After waiving her right to a jury trial, Marciael Owens pleaded guilty to six counts of drug offenses, including possession, selling and trafficking of cocaine.

She also pleaded guilty to tampering with evidence by concealing cocaine in the ceiling of the police interview room and marijuana in a body cavity, according to the court records.

In August 2008, Owens was sentenced to 40 years, with 30 years in prison and 10 years of probation.

According to the plea agreement signed by both Owens and her attorney, Jim Berry, she could have been sentenced to a maximum of five life sentences or a minimum of 10 years.

Family takes issue to the streets

Originally, the protesters were outside the Superior Court of Cobb County building, but they were told to move across the street in front of the Marietta City Hall because the group did not have a permit.

“We are trying to get somebody to listen to this case,” said Addie Owens, Marciael Owens’ mother, who now lives in Powder Springs after raising six children in Marietta.

One of Marciael Owens’ older brothers, Derrick Owens, 45, said he graduated from Marietta High School in 1988 and now lives in Powder Springs.

Derrick Owens said his sister has paid enough time “by far” after six and a half years.

“The sentence that they gave her is completely overkill,” Derrick Owens said. “We are hoping somebody inside the building will hear our voices and reduce her sentence. “Marciael Owens, also listed as “Big Bonnie,” was represented by four defense lawyers, including Vic Reynolds, who now serves as the Cobb district attorney. Judge Mary E. Staley, who was elected superior court judge in 1992, presided over the case.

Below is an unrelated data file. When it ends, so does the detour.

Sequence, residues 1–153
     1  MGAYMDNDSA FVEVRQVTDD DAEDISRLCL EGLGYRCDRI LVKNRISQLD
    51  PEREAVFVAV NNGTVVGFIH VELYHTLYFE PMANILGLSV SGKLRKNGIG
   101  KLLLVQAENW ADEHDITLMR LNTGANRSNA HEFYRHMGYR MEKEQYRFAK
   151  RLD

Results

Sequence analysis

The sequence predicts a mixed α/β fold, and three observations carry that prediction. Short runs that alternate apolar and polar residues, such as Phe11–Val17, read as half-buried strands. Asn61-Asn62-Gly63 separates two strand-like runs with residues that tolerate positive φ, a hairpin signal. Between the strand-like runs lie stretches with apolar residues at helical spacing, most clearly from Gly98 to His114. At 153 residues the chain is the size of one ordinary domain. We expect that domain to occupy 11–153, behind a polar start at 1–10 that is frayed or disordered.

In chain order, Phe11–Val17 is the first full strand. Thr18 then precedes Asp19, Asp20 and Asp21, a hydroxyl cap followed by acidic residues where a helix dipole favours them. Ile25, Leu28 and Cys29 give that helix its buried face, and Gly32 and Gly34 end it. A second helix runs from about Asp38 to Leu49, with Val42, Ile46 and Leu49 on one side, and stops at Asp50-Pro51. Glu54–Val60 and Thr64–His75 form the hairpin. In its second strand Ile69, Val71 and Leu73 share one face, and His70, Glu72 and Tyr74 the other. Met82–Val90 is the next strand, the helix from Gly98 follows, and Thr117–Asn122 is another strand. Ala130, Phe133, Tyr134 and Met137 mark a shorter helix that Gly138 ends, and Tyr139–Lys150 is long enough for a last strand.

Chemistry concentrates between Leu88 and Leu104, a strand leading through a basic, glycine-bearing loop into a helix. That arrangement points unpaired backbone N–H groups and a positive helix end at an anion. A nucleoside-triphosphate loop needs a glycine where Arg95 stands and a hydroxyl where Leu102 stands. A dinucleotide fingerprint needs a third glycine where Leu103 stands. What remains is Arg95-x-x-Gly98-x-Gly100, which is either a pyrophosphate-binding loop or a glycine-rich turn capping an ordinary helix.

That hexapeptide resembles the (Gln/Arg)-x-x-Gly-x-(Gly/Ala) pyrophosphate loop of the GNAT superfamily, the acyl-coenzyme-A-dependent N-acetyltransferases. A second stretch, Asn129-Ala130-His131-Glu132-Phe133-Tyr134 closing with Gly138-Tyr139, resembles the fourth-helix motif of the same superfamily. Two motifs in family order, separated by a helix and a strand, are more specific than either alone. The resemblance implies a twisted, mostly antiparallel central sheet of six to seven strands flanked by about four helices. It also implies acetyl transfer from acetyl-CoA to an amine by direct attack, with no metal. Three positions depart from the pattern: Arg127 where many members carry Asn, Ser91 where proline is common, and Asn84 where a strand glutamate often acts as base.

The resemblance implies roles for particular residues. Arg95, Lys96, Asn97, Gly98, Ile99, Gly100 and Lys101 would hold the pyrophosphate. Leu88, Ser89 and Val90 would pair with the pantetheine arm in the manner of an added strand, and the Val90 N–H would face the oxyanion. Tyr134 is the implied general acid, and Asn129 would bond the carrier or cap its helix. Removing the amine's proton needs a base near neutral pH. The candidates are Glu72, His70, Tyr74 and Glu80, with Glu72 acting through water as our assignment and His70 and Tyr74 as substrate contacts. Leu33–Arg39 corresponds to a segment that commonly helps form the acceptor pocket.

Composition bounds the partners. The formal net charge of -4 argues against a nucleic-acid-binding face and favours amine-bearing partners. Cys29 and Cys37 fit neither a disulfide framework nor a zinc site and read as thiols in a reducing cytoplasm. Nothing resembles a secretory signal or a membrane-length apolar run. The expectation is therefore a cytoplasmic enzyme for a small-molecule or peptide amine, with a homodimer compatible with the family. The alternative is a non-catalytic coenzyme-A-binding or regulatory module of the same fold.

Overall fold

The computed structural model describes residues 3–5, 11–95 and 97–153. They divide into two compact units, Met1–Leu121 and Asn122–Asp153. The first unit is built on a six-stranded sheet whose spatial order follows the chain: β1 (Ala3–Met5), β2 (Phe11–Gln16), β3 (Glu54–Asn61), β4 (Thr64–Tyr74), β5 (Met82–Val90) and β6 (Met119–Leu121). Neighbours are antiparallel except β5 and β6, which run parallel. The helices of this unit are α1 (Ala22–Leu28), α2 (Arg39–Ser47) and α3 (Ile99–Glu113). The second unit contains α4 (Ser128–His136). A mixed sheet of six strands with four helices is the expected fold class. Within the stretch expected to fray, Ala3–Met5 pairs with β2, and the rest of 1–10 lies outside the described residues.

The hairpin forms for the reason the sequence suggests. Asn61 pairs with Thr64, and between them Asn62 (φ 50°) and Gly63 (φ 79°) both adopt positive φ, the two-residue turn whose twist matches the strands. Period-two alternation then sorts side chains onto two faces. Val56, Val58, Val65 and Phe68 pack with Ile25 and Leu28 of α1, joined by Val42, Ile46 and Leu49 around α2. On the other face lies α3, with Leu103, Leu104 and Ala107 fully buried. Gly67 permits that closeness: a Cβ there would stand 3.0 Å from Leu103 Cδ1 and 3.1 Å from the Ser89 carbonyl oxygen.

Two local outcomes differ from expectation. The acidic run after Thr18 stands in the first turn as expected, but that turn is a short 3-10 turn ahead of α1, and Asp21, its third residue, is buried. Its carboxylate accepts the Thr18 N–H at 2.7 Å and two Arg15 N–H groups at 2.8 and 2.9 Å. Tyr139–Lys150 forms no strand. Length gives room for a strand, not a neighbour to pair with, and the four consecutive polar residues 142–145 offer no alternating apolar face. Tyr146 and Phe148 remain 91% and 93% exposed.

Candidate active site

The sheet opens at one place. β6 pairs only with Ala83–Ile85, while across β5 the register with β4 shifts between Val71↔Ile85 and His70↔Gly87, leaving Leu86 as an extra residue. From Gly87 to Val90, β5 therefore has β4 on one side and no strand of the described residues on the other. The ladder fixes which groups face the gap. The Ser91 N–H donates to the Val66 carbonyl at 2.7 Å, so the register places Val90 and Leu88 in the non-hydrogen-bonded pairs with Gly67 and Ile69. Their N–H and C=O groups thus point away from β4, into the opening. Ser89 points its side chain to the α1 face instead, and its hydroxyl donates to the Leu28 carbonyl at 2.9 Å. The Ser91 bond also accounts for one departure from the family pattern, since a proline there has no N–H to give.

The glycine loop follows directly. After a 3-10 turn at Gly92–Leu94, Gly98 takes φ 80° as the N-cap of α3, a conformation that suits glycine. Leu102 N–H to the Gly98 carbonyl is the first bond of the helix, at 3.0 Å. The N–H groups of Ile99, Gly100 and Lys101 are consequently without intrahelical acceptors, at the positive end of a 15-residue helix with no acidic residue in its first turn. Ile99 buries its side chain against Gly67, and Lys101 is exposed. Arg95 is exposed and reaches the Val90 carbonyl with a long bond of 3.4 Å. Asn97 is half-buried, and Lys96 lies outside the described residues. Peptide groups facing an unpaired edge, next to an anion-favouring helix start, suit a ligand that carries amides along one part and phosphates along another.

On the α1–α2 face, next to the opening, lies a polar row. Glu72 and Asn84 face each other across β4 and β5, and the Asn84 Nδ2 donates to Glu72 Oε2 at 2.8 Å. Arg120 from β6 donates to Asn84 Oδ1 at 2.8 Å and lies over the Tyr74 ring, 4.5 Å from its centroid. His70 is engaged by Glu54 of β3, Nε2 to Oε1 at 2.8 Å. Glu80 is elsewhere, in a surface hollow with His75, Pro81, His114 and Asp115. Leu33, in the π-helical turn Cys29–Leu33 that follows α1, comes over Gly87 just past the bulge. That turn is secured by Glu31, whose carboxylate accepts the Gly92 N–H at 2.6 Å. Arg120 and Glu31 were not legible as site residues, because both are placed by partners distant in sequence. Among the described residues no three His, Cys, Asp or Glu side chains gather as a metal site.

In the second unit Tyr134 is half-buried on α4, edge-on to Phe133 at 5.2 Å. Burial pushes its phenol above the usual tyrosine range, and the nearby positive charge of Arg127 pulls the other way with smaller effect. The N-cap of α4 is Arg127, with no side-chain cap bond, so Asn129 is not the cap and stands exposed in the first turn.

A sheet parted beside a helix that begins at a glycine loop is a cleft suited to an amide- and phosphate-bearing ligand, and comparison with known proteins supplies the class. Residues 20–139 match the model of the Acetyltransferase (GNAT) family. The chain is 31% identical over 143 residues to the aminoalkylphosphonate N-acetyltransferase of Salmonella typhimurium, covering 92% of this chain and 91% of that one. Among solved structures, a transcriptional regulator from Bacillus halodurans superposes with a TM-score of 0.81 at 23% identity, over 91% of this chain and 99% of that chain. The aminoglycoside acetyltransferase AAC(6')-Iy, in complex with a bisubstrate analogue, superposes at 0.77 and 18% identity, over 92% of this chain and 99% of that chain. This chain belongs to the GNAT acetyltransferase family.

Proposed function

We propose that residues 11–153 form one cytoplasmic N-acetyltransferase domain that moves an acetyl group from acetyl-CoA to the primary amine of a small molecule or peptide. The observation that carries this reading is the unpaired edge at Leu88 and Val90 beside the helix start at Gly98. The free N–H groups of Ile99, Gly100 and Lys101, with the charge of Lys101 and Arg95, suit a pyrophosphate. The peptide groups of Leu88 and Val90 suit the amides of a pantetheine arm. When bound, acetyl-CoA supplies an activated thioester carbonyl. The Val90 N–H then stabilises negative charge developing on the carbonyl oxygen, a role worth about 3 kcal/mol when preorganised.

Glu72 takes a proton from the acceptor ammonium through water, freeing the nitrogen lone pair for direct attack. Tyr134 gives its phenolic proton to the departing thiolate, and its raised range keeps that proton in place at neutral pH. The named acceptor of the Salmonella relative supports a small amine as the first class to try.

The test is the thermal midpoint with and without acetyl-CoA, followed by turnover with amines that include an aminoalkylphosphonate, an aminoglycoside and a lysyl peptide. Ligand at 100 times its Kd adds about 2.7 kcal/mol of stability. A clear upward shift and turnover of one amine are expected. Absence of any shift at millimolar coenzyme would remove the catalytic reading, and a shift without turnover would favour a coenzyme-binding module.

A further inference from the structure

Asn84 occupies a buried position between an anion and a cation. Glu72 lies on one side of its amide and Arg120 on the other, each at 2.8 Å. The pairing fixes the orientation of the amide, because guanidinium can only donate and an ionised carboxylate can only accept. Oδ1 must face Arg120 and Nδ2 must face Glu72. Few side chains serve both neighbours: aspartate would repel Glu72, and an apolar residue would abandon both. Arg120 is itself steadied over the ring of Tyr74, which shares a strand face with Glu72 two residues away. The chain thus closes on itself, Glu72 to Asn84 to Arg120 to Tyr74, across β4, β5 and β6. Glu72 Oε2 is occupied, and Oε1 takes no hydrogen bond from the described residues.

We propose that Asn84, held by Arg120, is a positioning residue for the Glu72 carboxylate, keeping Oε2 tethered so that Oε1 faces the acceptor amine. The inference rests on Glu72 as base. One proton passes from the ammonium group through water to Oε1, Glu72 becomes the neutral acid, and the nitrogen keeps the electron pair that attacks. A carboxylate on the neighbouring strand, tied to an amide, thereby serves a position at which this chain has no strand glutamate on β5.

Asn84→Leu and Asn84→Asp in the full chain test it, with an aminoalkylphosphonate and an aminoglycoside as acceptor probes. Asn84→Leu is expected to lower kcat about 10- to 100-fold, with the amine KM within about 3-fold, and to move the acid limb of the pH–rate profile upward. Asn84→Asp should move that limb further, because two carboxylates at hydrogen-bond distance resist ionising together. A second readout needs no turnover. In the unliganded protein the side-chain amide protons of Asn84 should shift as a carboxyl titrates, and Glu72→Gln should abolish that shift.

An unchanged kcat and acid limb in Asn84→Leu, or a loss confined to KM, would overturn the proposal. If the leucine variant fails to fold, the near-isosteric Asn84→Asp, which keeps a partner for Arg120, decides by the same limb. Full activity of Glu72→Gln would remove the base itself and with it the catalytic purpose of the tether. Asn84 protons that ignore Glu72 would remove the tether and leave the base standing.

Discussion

According to the Cobb District Attorney’s office, Marciael Owens was a repeat offender with three prior felony convictions.

As a recidivist, Marciael Owens was given a tough sentence. Georgia state law also requires a repeat offender not be eligible for parole.

Because of the second part of the statute, “whatever sentence you are given, you serve every day of it,” said Kim Isaza, spokeswoman for the Cobb District Attorney’s Office.

A mother and son split apart

Marciael Owens has one child, an 18-year-old boy, who she will not see graduate this spring from McEachern High School.

“It is a hardship on her. It is a hardship on him and all of us as a family,” said Addie Owens. “Besides the fact that it is unjust.”

Addie Owens said her daughter is trying to instill good, “old-fashioned” values in the young man.

“She is raising her son on the phone,” Addie Owens said, except when he is able to visit his mother every other weekend during scheduled visitation.

Addie Owens, who has medical issues, said the hour-and-a-half drive each way is too much for her.

Eric Owens, twin brother of Derrick Owens, played basketball, football and ran track while attending Marietta High School.